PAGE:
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Slave shackle (with M1195)


Museum number: M1185

Curatorial note

The provenance of the group of slave shackles (M1185, M1194, M1195 and M1196) in Soane's collection is unknown. They must have been in the Museum by c.1834-35 because they are described in Soane's Description published in 1835 as 'implements of iron, to the honour of humanity no longer in use'. Soane certainly knew exactly what they were because the manuscript inventories drafted before his death and completed shortly afterwards describe one as 'An Iron Negro shackel' [sic].

John Soane supported the emancipation of slaves - his Library contains pro-Emancipation pamphlets and his reference to the shackles in his guidebook makes it clear that he disapproved of slavery. The Thornton family, for whom he worked at Moggerhanger and other houses, were cousins of William Wilberforce, a leader of the campaign for the abolition of the slave trade.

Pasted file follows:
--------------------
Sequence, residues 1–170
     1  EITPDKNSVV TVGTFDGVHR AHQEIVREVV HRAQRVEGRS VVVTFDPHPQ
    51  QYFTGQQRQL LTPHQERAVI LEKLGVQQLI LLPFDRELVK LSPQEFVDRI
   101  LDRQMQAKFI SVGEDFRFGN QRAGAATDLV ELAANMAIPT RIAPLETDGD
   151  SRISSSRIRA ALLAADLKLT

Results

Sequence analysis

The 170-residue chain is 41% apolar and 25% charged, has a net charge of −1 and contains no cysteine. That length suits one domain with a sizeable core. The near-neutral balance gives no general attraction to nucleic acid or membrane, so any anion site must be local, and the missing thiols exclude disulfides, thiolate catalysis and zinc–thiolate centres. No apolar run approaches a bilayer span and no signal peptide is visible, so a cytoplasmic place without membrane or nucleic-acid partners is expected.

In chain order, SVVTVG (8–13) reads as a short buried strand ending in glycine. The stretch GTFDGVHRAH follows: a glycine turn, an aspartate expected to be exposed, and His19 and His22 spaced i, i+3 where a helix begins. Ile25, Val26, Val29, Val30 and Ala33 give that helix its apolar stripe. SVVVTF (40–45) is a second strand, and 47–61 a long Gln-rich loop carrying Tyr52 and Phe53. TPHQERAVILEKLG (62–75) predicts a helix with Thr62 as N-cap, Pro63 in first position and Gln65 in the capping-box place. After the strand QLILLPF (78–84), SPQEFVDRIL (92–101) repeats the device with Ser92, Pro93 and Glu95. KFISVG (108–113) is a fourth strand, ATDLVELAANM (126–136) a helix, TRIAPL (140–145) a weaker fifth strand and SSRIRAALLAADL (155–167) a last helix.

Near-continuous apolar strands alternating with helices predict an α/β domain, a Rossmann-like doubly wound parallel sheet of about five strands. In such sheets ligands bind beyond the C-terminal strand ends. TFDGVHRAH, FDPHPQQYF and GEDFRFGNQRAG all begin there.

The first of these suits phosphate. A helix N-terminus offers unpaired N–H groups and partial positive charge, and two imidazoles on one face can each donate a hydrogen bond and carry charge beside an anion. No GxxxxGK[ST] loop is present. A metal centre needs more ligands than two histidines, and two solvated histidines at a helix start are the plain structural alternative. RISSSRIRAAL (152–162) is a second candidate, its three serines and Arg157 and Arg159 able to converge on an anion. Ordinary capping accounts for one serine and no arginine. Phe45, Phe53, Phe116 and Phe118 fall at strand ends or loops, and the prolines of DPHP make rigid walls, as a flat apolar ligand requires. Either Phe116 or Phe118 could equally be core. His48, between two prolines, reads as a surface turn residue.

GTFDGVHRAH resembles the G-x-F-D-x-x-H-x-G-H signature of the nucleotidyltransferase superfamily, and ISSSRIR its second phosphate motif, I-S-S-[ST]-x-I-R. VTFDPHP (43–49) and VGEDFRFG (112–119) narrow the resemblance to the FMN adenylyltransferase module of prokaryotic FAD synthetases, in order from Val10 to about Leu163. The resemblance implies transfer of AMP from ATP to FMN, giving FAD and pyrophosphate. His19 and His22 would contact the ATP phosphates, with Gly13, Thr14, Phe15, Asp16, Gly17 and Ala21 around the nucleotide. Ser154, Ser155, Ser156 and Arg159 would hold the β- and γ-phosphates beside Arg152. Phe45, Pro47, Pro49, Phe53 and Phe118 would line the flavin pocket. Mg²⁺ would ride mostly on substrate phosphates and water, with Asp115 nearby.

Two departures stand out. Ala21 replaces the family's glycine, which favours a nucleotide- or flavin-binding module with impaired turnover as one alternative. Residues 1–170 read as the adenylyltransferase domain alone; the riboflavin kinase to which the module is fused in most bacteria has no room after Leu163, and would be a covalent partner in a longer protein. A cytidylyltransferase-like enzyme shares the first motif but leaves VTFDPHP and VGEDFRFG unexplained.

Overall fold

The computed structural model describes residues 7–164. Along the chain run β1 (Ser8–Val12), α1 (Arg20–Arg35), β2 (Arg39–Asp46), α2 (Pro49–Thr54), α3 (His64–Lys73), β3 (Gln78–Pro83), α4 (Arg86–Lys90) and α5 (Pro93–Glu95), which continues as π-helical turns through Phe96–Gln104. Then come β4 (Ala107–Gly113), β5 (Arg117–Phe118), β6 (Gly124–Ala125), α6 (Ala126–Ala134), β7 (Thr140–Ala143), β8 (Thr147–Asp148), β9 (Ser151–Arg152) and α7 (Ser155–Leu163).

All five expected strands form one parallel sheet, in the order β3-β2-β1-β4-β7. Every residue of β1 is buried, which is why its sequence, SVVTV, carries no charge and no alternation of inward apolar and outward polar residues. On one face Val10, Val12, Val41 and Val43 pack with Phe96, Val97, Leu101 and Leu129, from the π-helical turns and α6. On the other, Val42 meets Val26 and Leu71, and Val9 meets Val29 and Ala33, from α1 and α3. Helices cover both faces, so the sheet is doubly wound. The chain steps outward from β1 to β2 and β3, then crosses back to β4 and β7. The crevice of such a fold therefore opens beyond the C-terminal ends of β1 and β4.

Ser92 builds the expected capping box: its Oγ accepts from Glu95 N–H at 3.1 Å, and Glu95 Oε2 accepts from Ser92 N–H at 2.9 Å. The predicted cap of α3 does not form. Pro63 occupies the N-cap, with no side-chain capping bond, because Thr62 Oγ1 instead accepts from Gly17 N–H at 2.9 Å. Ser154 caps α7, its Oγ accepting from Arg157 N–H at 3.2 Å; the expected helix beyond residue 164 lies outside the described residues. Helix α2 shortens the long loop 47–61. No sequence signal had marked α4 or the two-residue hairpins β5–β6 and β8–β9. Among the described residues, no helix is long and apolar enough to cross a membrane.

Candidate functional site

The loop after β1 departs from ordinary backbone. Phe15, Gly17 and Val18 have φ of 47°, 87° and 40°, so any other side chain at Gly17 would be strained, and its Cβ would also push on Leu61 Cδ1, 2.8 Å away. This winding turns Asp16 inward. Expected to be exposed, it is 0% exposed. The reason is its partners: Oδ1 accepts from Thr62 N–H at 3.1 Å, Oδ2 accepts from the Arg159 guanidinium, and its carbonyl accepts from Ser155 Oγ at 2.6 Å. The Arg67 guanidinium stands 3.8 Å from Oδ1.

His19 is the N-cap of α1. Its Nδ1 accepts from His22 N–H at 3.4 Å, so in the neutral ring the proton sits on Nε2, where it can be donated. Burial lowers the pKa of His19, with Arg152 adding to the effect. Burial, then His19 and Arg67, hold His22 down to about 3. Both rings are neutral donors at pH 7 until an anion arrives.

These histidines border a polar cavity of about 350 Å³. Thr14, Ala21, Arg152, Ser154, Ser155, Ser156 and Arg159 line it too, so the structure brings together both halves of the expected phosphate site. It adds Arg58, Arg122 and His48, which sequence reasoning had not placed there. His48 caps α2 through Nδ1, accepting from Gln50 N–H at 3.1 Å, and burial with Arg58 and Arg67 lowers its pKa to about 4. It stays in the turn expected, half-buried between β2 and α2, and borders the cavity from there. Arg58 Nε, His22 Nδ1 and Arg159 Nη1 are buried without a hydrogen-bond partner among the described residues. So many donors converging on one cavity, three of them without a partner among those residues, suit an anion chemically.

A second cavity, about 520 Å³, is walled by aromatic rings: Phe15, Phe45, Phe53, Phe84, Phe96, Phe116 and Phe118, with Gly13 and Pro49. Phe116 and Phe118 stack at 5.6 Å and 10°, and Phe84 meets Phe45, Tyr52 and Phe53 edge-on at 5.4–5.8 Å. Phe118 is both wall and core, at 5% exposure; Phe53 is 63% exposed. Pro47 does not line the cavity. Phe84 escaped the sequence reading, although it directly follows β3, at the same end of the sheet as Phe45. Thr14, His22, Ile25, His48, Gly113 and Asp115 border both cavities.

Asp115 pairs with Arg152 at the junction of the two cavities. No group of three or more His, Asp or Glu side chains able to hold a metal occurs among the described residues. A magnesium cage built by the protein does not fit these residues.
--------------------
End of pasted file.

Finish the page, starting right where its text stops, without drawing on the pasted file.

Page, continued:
It is possible that the display of the shackles in the basement of Soane's Museum might also have been intended to evoke in the minds of contemporary visitors recollections of the shackles which hung above the main entrance to Newgate gaol, designed by his first architectural teacher, George Dance the younger.

Associated objects

M1196, another similar
M1195, another similar
M1194, another similar
M1184, another similar

If you have any further information about this object, please contact us: worksofart@soane.org.uk